27 At this point His disciples came, and they were amazed that He had been speaking with a woman, yet no one said, “What do You seek?” or, “Why do You speak with her?” 28 So the woman left her waterpot, and went into the city and said to the men, 29 “Come, see a man who told me all the things that I have done; this is not the Christ, is it?” 30 They went out of the city, and were coming to Him.
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39 From that city many of the Samaritans believed in Him because of the word of the woman who testified, “He told me all the things that I have done.” 40 So when the Samaritans came to Jesus, they were asking Him to stay with them; and He stayed there two days. 41 Many more believed because of His word; 42 and they were saying to the woman, “It is no longer because of what you said that we believe, for we have heard for ourselves and know that this One is indeed the Savior of the world.”

This is a truly fascinating story. Here, Jesus is confronted with a situation involving a woman who was, by all accounts of Christian morality, a sinner. Yet, what did Jesus do? He spoke to her. He listened to her. He was kind, gentle, compassionate and yet spoke Truth to her. He did not accept her behavior as being OK. He pointed out her sin in a way that she recognized that He did not find it morally acceptable (see verse 29). But He did not rebuke her harshly and condemn her to the fires of eternal torment where there would be weeping and gnashing of teeth.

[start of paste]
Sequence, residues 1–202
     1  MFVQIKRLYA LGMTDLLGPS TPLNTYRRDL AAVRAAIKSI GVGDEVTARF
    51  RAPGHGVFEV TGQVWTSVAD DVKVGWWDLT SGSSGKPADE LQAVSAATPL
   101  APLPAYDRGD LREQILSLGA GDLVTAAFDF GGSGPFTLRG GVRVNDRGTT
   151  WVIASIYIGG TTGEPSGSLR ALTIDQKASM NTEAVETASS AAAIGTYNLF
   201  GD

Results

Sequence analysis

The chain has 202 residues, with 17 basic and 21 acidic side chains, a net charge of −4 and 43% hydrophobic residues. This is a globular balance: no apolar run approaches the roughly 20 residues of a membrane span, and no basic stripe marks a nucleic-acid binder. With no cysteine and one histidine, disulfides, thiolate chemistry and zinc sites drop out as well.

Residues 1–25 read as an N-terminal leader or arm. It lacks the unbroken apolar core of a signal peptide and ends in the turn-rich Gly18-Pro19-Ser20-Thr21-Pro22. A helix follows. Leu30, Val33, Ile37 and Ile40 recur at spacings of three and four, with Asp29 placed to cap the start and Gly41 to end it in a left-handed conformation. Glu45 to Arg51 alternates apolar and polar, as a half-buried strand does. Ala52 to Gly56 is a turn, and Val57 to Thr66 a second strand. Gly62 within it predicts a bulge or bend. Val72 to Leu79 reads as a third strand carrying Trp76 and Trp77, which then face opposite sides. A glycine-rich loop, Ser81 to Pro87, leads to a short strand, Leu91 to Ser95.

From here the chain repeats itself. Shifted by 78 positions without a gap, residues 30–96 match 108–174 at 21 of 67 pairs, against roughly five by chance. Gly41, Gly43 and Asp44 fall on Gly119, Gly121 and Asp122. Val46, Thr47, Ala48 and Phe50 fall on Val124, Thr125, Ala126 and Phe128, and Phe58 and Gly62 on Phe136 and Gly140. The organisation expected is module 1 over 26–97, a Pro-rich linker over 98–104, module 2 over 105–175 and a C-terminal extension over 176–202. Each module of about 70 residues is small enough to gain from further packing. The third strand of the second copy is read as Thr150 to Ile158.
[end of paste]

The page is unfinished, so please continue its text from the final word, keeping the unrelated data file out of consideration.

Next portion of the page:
We see a similar story in John 8 with the woman caught in adultery. While I do love the lesson there, I think there are many similarities with the John 4 passage as to how Jesus responded to people in sin. However, since the John 8 passage is potentially not an authentic part of the original document, I prefer John 4. 

Looking through the gospels, there is a trend with respect to how Jesus dealt with sinful people. In all cases, when the person recognized their brokenness, Jesus was compassionate, loving, gentle, kind, wise, perceptive, engaging and yet at the same time firm. It was only when interacting with those who thought they were successfully earning their own righteousness that Jesus was harsh, critical, condemning and outright volatile.

So, what would Jesus do? Jesus would do what Jesus did do. He loved those people who recognized their situation and offered them Himself. He served. He accepted interruptions from people who needed Him. He taught people Truth in a spirit of love. But He never accepted sin as anything other than what it was. He never condoned behavior that went against the goodness of God. He stood firm and did not budge, even when confronted with ancient Jewish traditions (insofar as those traditions were from the Jews and not from God).

I have heard Ken Samples say on numerous occasions that "Jesus was the most fully human being who has ever lived." He showed exactly what it was to be perfectly human...the way Man was originally created in Genesis 1. When I take a look at how Jesus responded in the various situations and circumstances that were detailed in the gospels, I am in awe. It makes me feel so small and inferior and broken that it is difficult to imagine how I could ever become more like Him.

Often, there are situations in which I honestly do not know what Jesus would do, even given what He did. But that is mostly because I am not Jesus and He was so much wiser, so much more loving and so much more self-sacrificing than me that I just could not possibly come up with an idea of what He might do.

Other times, the hard part is actually trying to do what Jesus would do. And that happens far more often than not. Becoming like Jesus is hard. It is only by the grace of God and the power of the Holy Spirit that we can even lean in that direction. But we won't get anywhere close until Jesus comes again. And that is a day I await with great anticipation.